Finally, I turn to flood warning, which is particularly important to horticulture. Many of us in the South-East live in areas where there is massive urban runoff from the new concrete deserts surrounding our holdings. The rivers rise and fall much more quickly than used to be the case. There is unlikely to be a long-term solution for many years, and flood warning is therefore particularly important to us.

9.10 p.m.

Mr. Anthony Stodart (Edinburgh, West)

With the best will in the world, it is slightly difficult to make a tidy speech which embraces all aspects of a Bill which darts from flood warning to the Training Board and from weed seeds going into Northern Ireland to many other things. I have been trying to find a theme in the Bill. Many smallholders produce eggs, but apart from that somewhat tenuous link between Part I and Part III, there is no theme running through the Bill. The Minister apologised for not giving us an Agriculture (Miscellaneous Provisions) Bill. I cannot think why he apologised, because that is precisely what he has given us. With all the respect due to its predecessors, this Bill is not in the same class as the 1947 or 1957 Acts or even the 1967 Act, although it was difficult to find a theme in that Act, too.

Speaking with all the objectivity towards agriculture of which a farmer is capable, I suggest that the Bill is quite irrelevant to the assurance of further encouragement to selective expansion which was promised in the Gracious Speech. All that the Bill can claim is that it is the longest since 1947 — 108 Clauses, which, with great respect, has frightened many of the right hon. Gentleman's friends away this afternoon. There is no sign of the agricultural activists on the Labour benches. There is no sign of the hon. Member for Berwick and East Lothian (Mr. Mackintosh), no sign of the hon. Member for Caithness and Sutherland (Mr. Maclennan) and no sign even of the hon. Member for Merioneth (Mr. William Edwards). The reason is obvious—they are dead scared that they will be put on the Committee. That is a fate which I dare say the hon. Member for Merioneth appreciates. The momentum of legislation grows while the ability of agriculture to contribute to the national economy declines, and let us be absolutely fair and square about this. [HON. MEMBERS : "Nonsense."] I genuinely wish that I could agree with the hon. Member for Monmouth (Mr. Anderson) when he painted even a faintly rosy picture of the present state of the industry ; I cannot.

I listened on Friday morning on my car radio to a hill sheep farmer from Wales speaking on an agriculture programme and declaring that the hill sheep industry was at the end of its tether. I read The Scotsman on Saturday morning and I shall quote from an article written by its agricultural editor, because I think that he is knowledgeable and probably more dispassionate than I am. He said :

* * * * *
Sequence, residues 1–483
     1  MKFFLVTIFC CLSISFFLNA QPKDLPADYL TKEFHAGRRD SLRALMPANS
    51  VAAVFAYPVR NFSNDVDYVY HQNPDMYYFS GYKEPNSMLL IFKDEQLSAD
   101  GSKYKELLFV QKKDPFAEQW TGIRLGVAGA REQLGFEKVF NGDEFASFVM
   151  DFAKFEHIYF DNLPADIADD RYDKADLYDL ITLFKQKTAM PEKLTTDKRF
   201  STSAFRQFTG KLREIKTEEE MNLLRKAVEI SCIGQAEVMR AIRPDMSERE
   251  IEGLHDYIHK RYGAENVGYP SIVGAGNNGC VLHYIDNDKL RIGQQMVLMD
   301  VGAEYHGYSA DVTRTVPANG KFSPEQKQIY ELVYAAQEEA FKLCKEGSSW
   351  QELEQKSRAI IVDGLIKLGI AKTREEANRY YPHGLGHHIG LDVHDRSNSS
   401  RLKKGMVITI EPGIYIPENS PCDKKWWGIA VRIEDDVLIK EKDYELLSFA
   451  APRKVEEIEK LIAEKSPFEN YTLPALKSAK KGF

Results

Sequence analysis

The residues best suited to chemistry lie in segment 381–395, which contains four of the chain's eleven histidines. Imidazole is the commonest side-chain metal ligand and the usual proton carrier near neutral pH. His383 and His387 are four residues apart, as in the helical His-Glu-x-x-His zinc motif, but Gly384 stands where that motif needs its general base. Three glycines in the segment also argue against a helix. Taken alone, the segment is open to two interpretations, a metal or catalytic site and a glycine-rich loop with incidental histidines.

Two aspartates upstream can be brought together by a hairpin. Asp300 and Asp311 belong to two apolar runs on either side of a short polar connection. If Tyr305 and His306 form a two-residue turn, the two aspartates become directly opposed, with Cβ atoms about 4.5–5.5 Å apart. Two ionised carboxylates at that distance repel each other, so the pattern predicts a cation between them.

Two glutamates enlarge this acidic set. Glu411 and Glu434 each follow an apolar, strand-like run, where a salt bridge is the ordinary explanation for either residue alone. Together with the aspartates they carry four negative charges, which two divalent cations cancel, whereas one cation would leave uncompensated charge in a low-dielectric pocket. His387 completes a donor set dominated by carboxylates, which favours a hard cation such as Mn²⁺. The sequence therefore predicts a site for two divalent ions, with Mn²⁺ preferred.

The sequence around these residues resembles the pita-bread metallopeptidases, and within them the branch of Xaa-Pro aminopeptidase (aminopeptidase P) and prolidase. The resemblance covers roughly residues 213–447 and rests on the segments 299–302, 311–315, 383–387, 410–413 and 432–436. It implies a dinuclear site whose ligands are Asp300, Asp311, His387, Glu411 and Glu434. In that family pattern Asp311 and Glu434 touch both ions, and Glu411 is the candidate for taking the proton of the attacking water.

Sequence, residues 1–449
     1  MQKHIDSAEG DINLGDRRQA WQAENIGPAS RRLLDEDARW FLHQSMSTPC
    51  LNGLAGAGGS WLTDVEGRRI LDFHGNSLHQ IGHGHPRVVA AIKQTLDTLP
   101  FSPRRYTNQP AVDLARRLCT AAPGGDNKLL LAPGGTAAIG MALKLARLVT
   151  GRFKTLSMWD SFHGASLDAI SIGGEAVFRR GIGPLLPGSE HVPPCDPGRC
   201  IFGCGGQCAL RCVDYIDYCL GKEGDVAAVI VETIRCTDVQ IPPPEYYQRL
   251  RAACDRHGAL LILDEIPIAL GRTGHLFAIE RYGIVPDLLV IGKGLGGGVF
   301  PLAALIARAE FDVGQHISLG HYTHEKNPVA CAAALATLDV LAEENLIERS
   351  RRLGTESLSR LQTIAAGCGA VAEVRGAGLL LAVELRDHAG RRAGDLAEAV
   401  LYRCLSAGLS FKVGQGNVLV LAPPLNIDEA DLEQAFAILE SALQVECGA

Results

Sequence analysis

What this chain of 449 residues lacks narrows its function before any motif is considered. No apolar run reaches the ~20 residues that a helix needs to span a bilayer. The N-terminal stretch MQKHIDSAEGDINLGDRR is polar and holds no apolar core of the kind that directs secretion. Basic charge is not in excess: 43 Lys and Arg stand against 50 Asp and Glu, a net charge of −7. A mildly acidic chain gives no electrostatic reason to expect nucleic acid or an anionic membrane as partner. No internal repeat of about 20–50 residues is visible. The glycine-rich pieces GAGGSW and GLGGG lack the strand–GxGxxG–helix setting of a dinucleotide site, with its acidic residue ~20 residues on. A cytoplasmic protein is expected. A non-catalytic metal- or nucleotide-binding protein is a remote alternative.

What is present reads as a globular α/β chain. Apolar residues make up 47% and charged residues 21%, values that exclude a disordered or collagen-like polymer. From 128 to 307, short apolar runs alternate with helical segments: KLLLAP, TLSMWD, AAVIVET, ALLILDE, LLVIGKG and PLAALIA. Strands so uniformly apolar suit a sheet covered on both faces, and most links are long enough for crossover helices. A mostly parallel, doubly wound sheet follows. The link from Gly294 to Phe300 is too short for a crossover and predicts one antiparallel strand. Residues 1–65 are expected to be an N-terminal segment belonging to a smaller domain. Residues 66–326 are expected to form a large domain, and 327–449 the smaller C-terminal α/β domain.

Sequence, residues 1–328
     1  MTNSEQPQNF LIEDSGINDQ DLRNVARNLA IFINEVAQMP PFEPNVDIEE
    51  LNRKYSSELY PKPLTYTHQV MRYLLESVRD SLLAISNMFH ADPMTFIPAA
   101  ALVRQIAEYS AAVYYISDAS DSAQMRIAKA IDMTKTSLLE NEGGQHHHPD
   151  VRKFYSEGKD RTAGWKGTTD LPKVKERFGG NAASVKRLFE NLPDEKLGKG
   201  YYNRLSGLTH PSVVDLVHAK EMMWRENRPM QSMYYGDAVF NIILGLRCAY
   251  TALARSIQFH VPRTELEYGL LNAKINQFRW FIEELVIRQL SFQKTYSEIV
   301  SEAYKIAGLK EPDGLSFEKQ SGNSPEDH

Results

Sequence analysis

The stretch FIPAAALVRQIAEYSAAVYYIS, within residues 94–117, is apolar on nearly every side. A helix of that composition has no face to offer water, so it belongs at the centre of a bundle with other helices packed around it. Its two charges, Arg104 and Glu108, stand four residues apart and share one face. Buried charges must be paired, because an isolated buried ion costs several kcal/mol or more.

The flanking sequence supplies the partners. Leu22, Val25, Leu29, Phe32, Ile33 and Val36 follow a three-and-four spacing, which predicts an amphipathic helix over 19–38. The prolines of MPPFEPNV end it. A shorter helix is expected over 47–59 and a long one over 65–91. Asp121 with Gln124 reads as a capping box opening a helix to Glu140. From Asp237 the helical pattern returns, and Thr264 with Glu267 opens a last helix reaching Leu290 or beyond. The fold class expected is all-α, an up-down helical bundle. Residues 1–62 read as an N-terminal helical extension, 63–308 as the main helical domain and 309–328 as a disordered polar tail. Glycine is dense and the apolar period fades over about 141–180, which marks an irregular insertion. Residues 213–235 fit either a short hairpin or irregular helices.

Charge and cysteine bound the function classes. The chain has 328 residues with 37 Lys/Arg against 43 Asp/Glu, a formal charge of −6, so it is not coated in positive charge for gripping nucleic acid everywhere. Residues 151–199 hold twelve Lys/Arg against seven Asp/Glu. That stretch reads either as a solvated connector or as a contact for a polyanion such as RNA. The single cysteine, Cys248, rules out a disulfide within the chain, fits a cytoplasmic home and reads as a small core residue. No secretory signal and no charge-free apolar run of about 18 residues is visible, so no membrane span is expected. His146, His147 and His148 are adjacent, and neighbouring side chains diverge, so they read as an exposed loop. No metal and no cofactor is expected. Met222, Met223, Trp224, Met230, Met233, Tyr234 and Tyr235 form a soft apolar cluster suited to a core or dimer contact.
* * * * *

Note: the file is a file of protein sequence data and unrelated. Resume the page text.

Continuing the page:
In the county of Fife, there are 35 farms for sale at the moment, mainly as a result of the credit squeeze … In Fife and neighbouring potato-growing counties many merchants are cutting back their acreages severely. One merchant had cut his acreage from 700 to 200. These are just three of the many stark facts emerging about the crisis of capital shortage … With less capital available from the banks farmers are trying to increase their credit with their suppliers or the marts, but the squeeze is on here, too, and limits have had to be imposed. How long has this crisis got to grow until it will be too late, not only for thousands of farmers from the hills to even the best of the fertile lowlands, but for the national good at a time when balance of payments is still a national problem? To none of those people does the Bill show even a chink of daylight.

I do not wish to add anything to my right hon. Friend's general comments on Part I, but I want to refer to the provisions for the remote areas. If egg production is assessed as an important feature of farming in conjunction with remoteness, there is no doubt that Orkney is right out on its own. The Government have accepted the recommendations of the Reorganisation Com- mittee on Transport Costs for Orkney and Northern Ireland.

In his intervention in the Minister's speech, my right hon. Friend the Member for Thirsk and Malton (Mr. Turton) asked about the remote areas on the mainland. My hon. Friend the Member for Skipton (Mr. Drayson) referred to the letter which has been sent to the Minister by the Yorkshire egg producers and there is no need for me to refer to it. But if Yorkshire will find difficulty in selling eggs in the London market, what about Buchan in the north-east of Scotland, Galloway, Cornwall and Wales, to take four examples?

Mr. Hooson

What about Anglesey?

Mr. Stodart

If remoteness together with the importance of egg production is taken within the spectrum of general farming, the north-east of Scotland will probably be harder hit, because of remoteness, than any other part of Britain —because of its remoteness and because of the enormous importance of egg production in its brand of farming. Farmers there will clearly face very hot competition from eggs from Northern Ireland in the central belt of Scotland.

That is why I intervened in the right hon. Gentleman's speech to ask him whether he could give certain figures. I do not think that the transport subvention is a Committee point. It transcends the Committee stage in importance. That is why I shall give one or two figures, with some of which I have been provided and others of which I have worked out. They are extremely significant.